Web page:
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Tag Archives | History

The Solace of History: Reflections on Quakers and the Environment

Sometimes I feel painfully out鈥恛f鈥恠tep with the world around me. Perhaps I鈥檇 have fit in better in some other era, [鈥

Ellen M. Ross, president of the Friends Historical Association, is associate professor and chair of religion at Swarthmore College. She is a member of Swarthmore (Pa.) Meeting. Academic citations for this article can be found on the Friends Journal website.

Posted in: Features, Reflection
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Faith of the Magi

Often overlooked in its importance, God鈥檚 revelation of Christ鈥檚 birth to the Magi is a significant theological event that provides [鈥

Byron Anderson is a lawyer in Washington, D.C. While attending seminary, Byron became interested in first-century Middle Eastern religion and culture. This interest led to his writing the novel, Quest for Light—Adventure of the Magi (2010).

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Extracting Truth from Power: A Tale of Two Quaker Ladies

In March, 1979, Beverly Hess of Lancaster (Pa.) Meeting, along with her husband Dick, was preparing to head to Philadelphia [鈥

Robert Neuhauser is a member of Lancaster (Pa.) Meeting.

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Inspiration From Quaker Women of the Past

I have received much inspiration and encouragement from the stories of earlier Quaker women who were willing to take the [鈥

Marcelle Martin is a member of Chestnut Hill Meeting in Philadelphia, Pa. She leads retreats and workshops related to spiritual life and is completing a book telling the story of the communal shift of consciousness made by early Friends.

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Little Girl, Wake Up

My granddaughter Abby sometimes likes me to tell her stories about Jesus. She is four, so I keep them simple [鈥

Rebecca Ankeny has worked as an English professor and administrator since 1986, and at George Fox University since 1988. In January 2012, she will become the General Superintendent of Northwest Yearly Meeting of Friends. She and her husband Mark have two daughters and sons-in-law and three granddaughters. She is a member of Newberg (Oregon) Friends Church and her interests include music, soccer, reading, preaching, and writing.

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Quaker Women I Have Known

鈥淭he women in my family do things,鈥 said John Foster, the Quaker man I had just met in India. Much [鈥

Georgana (Falb) Foster has been a member of Mt. Toby Friends Meeting in Leverett, Mass., for half a century. She has presented workshops on early New England Quaker women at the Friends General Conference Gathering and New England Yearly Meeting, and has written a number of local histories. She is an independent scholar of South Asian studies, collecting folk and pop art about goddesses of India.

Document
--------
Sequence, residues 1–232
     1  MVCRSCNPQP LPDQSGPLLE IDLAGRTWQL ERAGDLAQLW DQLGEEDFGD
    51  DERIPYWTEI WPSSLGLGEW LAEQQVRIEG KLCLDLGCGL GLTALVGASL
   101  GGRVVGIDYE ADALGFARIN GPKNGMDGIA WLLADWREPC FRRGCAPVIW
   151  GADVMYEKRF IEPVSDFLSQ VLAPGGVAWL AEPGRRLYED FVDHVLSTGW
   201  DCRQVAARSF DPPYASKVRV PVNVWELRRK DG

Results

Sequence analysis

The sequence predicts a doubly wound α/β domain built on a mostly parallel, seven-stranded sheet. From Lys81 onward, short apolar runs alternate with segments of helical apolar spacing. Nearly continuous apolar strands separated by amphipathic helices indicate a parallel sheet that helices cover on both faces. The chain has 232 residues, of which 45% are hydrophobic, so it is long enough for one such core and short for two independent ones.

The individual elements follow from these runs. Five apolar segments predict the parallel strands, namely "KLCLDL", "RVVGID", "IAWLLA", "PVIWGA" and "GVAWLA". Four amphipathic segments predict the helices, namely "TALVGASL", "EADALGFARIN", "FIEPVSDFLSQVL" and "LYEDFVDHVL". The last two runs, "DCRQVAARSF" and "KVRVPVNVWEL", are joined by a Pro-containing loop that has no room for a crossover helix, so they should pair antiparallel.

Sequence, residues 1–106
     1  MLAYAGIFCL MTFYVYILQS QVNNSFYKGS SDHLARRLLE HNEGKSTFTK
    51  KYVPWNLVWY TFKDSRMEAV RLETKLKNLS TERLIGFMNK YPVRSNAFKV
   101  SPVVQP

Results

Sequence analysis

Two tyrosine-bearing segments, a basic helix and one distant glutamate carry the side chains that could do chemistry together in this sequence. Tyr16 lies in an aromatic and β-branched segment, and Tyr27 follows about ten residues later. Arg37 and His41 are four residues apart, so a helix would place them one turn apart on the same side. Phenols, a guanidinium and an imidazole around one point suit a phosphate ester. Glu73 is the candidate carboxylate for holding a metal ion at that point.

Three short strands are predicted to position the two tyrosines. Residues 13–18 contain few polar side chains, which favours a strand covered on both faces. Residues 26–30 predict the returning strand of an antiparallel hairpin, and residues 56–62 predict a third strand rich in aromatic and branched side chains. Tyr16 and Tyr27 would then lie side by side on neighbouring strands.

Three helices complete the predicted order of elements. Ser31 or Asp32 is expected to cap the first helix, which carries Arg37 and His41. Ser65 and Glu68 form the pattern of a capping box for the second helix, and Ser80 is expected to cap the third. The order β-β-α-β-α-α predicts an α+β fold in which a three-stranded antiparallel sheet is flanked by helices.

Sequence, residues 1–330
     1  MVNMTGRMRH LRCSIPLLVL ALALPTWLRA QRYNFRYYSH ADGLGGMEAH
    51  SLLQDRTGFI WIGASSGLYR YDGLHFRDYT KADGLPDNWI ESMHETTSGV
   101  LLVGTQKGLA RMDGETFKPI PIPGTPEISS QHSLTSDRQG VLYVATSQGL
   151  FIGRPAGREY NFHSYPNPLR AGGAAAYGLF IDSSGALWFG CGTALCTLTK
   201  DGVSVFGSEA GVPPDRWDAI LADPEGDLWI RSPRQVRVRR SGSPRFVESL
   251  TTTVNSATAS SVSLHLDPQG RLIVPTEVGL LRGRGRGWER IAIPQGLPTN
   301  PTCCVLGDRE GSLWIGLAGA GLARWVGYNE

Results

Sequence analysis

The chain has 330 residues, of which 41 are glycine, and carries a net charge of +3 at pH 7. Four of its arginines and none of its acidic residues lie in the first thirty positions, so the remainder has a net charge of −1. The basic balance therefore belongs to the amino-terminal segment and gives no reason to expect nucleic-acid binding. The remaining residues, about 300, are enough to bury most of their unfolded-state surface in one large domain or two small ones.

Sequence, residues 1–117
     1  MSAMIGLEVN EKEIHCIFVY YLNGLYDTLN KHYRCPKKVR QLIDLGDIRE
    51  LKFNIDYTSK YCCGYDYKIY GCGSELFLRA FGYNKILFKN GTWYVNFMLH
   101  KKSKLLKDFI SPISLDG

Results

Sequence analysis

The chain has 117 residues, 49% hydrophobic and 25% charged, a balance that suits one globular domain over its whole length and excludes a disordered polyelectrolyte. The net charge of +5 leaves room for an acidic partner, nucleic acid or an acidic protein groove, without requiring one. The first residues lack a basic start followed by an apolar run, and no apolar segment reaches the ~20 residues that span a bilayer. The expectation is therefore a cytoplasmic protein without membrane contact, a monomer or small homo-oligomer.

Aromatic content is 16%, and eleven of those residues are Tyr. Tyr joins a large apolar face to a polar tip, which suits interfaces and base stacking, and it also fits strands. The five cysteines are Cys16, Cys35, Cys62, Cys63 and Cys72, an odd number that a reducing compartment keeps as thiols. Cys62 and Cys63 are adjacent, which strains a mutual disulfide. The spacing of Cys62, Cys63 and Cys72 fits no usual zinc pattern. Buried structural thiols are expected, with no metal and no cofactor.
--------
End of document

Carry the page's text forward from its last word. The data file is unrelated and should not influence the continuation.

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Manzanar: A Japanese Camp

Manzanar means apple orchard in Spanish. There was a significant community in Owens Valley on the east side of the [鈥

Grace Ito Coan is a member of Sacramento (Calif.) Friends Meeting.

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Restoring the Golden Rule

Remember the Golden Rule? In 1958 when retired U.S. Navy Captain Albert Bigelow tried to sail this 30鈥恌oot boat to [鈥

Jane Braxton Little, a member of Gwynedd (Pa.) Meeting, writes about people, politics, and natural resource issues.

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A Great People To Be Gathered: The View From Pendle Hill

In the olden days, when I was here, Quakers did not applaud at lectures. Remember those days? I was asked [鈥

Parker J. Palmer lived and worked at Pendle Hill as a student, dean, teacher, and writer-in-residence from 1974 to 1985. He is the author of nine books including A Hidden Wholeness, Let Your Life Speak, The Active Life, The Courage to Teach, and Healing the Heart of Democracy (forthcoming), and is founder and senior partner of the Center for Courage & Renewal.

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The Birth of Pendle Hill

Over the past two years, I have drawn great inspiration from learning more about the founding of Pendle Hill. The [鈥

Lauri Perman has been executive director of Pendle Hill since 2007. Before coming to Pendle Hill, she was associate head of the Sociology Department and assistant dean of the Schreyer Honors College at Penn State University. She has extensive expertise with regard to socially responsible employment practices and has published work on workplace diversity and discrimination. A member of State College (Pa.) Meeting, she served as presiding clerk of Baltimore Yearly Meeting from 2004 to 2007. This article is based on remarks she delivered during Pendle Hill's 80th anniversary celebration in November 2010.

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